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Nasa to peer into universe corners

Cape Canaveral, Aug. 25 (Reuters): A new Nasa infra red observatory designed to see objects either too cold to cast their own light or obscured by interstellar dust was launched early today from Cape Canaveral Air Force station.

Lift off of the Boeing Delta II rocket carrying the $700-million satellite came at 0535 GMT.

“The expectation is to really revolutionise our understanding of our universe by looking in a completely new low length spectrum,” said Dave Gallagher, Nasa’s mission project manager.

From failed stars that never turned on, to the galaxy’s own dust-shrouded heart, the Space Infra Red Telescope Facility (SIRTF) will look into the dark, cold corners of the universe, making itself sensitive to the faintest heat signatures by cooling its own instruments to just a degree or two above absolute zero.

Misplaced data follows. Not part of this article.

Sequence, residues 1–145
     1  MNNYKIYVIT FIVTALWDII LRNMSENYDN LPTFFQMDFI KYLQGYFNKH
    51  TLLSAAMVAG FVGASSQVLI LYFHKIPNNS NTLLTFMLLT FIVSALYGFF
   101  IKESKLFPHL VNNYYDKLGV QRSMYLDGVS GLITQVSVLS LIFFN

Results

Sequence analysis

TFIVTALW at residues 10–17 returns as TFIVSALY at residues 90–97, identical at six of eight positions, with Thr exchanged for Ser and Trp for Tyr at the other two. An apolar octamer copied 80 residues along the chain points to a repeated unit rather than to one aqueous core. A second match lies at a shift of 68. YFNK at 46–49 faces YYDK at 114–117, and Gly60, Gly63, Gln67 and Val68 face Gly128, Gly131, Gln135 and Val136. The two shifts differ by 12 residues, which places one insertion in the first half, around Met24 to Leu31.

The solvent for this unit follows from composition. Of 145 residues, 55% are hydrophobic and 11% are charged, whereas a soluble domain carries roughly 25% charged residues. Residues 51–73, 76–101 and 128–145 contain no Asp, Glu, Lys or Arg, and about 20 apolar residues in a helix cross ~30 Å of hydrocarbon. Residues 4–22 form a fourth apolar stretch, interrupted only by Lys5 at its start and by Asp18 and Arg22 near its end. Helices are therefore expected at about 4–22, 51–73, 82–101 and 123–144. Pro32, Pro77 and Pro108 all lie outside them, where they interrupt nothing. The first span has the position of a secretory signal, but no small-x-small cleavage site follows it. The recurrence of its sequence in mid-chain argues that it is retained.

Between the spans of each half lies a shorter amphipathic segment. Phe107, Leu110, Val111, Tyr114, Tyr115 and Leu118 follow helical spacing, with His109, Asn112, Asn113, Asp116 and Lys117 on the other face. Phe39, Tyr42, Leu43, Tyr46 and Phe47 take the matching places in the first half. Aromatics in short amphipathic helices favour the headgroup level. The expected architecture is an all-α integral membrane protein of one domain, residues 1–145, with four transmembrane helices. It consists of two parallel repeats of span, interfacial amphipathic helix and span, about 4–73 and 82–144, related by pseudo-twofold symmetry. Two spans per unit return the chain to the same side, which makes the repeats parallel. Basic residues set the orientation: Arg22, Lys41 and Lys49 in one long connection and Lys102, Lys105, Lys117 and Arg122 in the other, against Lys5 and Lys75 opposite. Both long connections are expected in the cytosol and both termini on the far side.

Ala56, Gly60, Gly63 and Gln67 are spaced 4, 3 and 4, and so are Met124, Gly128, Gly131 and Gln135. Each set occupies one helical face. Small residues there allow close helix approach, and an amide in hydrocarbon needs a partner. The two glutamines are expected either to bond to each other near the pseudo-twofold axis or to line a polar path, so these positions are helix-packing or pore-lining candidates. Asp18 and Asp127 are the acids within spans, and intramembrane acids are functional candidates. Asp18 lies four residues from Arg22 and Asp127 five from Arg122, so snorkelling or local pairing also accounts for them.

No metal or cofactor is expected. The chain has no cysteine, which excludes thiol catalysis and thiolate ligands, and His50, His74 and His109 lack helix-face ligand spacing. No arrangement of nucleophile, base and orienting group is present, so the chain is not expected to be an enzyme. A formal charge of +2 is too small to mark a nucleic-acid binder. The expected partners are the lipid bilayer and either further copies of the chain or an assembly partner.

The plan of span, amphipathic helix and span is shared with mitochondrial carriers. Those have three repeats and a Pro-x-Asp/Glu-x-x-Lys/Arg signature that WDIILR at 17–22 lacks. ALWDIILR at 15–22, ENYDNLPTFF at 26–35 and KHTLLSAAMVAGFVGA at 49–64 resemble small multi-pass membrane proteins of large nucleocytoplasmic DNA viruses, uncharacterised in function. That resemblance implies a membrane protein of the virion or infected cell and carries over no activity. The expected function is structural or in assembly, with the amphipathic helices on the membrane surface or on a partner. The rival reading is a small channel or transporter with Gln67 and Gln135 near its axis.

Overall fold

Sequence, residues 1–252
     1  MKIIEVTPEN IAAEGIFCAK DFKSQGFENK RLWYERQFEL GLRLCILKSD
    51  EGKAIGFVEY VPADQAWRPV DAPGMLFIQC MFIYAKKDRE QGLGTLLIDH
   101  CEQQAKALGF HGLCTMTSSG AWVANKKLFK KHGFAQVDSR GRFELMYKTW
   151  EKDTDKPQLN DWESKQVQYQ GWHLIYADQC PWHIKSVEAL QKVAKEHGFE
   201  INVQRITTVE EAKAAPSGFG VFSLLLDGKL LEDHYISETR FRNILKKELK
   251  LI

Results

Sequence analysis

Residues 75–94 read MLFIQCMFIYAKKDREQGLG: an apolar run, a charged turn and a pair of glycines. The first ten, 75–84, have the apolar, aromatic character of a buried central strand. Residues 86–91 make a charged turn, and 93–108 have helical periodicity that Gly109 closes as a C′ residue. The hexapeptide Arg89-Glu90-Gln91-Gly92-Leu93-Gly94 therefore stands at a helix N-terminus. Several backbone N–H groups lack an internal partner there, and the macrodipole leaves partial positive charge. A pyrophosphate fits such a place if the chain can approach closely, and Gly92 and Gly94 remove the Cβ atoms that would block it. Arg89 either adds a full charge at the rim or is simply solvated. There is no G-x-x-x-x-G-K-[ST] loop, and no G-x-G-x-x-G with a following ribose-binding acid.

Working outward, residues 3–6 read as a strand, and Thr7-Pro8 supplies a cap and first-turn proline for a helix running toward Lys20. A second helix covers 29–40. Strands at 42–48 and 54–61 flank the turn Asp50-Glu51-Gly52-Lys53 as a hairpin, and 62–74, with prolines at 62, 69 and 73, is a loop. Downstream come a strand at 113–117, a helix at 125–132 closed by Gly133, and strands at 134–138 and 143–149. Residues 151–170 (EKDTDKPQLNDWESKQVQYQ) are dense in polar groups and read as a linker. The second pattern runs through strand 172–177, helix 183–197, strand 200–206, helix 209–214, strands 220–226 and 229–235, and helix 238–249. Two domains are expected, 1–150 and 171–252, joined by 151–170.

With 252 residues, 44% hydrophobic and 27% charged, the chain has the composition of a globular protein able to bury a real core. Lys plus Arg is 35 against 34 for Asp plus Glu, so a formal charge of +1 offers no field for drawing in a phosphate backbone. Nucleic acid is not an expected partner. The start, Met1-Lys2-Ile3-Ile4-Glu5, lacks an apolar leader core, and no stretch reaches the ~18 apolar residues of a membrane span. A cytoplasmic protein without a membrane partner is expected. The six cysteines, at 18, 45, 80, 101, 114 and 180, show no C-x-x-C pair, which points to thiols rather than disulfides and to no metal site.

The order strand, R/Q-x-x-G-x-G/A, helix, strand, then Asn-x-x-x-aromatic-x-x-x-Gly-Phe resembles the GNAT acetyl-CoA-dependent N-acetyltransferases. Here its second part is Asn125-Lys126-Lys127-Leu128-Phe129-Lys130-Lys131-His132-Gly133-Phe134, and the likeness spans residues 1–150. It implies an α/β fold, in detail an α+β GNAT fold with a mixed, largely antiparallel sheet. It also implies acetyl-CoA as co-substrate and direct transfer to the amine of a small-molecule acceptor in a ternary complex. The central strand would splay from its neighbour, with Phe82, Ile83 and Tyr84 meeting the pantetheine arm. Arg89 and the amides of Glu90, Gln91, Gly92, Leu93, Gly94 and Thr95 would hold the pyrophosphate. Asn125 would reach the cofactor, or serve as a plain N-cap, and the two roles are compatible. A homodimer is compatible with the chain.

The telescope is the last of Nasa’s so-called Great Observatories. When combined with the Hubble Space Telescope, which sees in the visible light spectrum, and the Chandra X-Ray Observatory, astronomers will get their most complete view yet of matter and energy near the edge of the known universe.

Or, as Nasa scientist Anne Kinney explained, when all three telescopes peer deeply into space, the Chandra will see objects that are millions of degrees in temperature, the Hubble, objects that are thousands of degrees, and SIRTF, those that are hundreds of degrees.

“That way, you get a full range of information about what’s out there,” said Kinney.

SIRTF has a 35.5-inch mirror and instruments that will be kept cold by liquid helium released from an onboard tank. Nasa said there should be enough of the helium to keep the satellite operating about five years.

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